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Voice of Future Generations

Eliminating Perverse Incentives

How to build Future Finance

Stefan Biskamp, Schifflange, April 23 2009


  • The World Future Council Future Finance Commission

  • Future Finance – Vision and Obstacles

  • Eliminating perverse Incentives

  • Bank Bail-Outs as perverse Incentives

  • Intermezzo

  • Corporate Charter Reform

  • Complementary Currencies

  • Negative legal enforcement to curb Speculation

  • ImprovingRiskAssessment

  • Natural Capital Depletion Tax

1 the world future council future finance commission
1. The World Future Council Future Finance Commission

  • What is a WFC Expert Commission?

  • An Expert Commission is the decision-making body for WFC programmes or projects. The group is composed of a Chair drawn from the Council, a staff coordinator, a Member of the Board of Directors and members from the Council, Board of Advisors and staff.

  • Academics, researchers, civil society, business persons and Members of Parliament will also be appointed as necessary.

  • On the basis of the WFC’s mission to be a voice of future generations, the Commissions identify best policies that will help create a more just, sustainable and peaceful world.

1 the world future council future finance commission1
1. The World Future Council Future Finance Commission

  • The Future Finance Commission:

  • Launch of the Commission: March 27th – 30th at Sekem, Egypt. Host: Councillor Ibrahim Abouleish.

  • Members include Councillors Maude Barlow, Riane Eisler, Olivier Giscard d´Estaing, PrabhuGuptara, Frances Moore-Lappé and Francisco Whitaker, member of the Board of Advisors Margrit Kennedy, and WFC founder Jakob von Uexküll.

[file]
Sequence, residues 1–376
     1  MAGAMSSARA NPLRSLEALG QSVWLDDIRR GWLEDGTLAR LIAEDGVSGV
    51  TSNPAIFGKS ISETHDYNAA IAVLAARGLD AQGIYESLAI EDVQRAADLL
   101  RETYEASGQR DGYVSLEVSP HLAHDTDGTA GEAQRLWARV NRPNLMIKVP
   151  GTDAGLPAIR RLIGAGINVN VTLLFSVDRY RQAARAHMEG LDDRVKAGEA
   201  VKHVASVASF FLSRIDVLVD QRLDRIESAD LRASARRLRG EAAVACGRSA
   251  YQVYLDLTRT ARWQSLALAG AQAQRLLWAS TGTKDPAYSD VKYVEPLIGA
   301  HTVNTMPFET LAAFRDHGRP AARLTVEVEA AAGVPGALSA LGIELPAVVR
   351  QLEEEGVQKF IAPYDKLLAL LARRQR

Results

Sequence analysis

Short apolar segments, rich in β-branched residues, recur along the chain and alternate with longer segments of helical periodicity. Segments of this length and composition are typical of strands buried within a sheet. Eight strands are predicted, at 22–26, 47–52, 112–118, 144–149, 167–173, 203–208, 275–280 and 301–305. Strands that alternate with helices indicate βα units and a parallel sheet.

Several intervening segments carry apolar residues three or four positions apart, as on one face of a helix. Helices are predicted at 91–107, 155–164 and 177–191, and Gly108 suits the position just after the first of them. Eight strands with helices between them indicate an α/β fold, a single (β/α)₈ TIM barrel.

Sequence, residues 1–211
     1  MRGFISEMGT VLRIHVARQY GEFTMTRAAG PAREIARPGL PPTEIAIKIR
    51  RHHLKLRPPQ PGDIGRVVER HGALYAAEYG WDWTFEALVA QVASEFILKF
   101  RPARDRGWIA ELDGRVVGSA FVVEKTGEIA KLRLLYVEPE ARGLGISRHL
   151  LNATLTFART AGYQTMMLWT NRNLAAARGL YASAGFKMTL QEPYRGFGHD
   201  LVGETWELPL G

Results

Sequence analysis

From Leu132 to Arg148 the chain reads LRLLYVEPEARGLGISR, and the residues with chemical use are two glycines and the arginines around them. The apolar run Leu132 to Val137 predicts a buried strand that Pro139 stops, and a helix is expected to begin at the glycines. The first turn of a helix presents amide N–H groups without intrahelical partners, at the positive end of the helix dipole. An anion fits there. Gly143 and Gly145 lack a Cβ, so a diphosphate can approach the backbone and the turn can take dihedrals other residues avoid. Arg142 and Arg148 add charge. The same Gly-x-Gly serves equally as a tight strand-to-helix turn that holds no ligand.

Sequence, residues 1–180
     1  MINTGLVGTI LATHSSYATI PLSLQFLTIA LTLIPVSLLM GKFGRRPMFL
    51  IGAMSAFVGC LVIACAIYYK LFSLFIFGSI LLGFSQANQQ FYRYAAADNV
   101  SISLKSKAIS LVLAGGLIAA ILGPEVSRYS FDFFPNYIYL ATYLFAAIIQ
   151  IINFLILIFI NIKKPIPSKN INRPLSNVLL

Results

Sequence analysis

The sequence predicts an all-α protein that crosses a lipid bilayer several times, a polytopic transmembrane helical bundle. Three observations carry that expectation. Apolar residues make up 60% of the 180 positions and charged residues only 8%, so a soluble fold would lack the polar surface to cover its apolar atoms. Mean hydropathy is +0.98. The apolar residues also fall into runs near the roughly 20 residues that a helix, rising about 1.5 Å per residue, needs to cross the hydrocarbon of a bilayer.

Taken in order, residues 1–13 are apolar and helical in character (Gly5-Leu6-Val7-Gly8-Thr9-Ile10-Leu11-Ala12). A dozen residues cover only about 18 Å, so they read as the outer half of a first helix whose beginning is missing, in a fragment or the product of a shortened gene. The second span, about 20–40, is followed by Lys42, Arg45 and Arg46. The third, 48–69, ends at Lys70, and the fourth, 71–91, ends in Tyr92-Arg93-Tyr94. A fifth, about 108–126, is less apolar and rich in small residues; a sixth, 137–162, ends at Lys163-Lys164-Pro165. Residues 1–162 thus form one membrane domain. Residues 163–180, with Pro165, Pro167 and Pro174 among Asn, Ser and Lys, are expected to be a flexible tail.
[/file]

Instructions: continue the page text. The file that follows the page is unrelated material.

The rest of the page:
• Identification of concrete policy proposals; media coverage in the context of the G20 process.

  • Further projects: At least three best-policy brochures promoting core policies. Preparation of parliamentary hearings especially on reform of corporate charter legislation.

2 future finance vision and obstacles
2. Future Finance – Vision and Obstacles

  • Our Vision:

  • Future Finance …

  • … supports real wealth creating developments,

  • ... makes money our servant not master,

  • … helps to combat poverty and climate change,

  • … builds trust and fosters accountability,

  • … brakes growth imperative and short-termism.

2 future finance vision and obstacles1
2. Future Finance – Vision and Obstacles

  • The Obstacles:

  • Current Finance …

  • … dominates real economy,

  • … serves to make money out of money,

  • … increases poverty and climate change,

  • … creates growth imperative and short-termism,

  • … deteriorates trust,

  • … destroys accountability.

3 eliminating perverse incentives
3. Eliminating perverse incentives

  • Why is it important to eliminate perverse incentives?

  • If basic incentives are wrong no government control will help. Regulation cannot break the innovative power of the financial industry. Regulatory loop holes have to be closed, but thanks to their innovative power the players will always find ways to circumvent regulation.

  • It is a myth that the financial industry is not regulated. In the current crisis strongly regulated banks caused danger – not poorly regulated hedge funds.

  • Therefore the policy proposals focus on eliminating perverse incentives instead of creating new bureaucracies controlling and supervising the financial industry.

  • Proposals are designed to have maximum impact and transformation lever.

4 bank bail outs as perverse incentives
4. Bank Bail-Outs as Perverse Incentives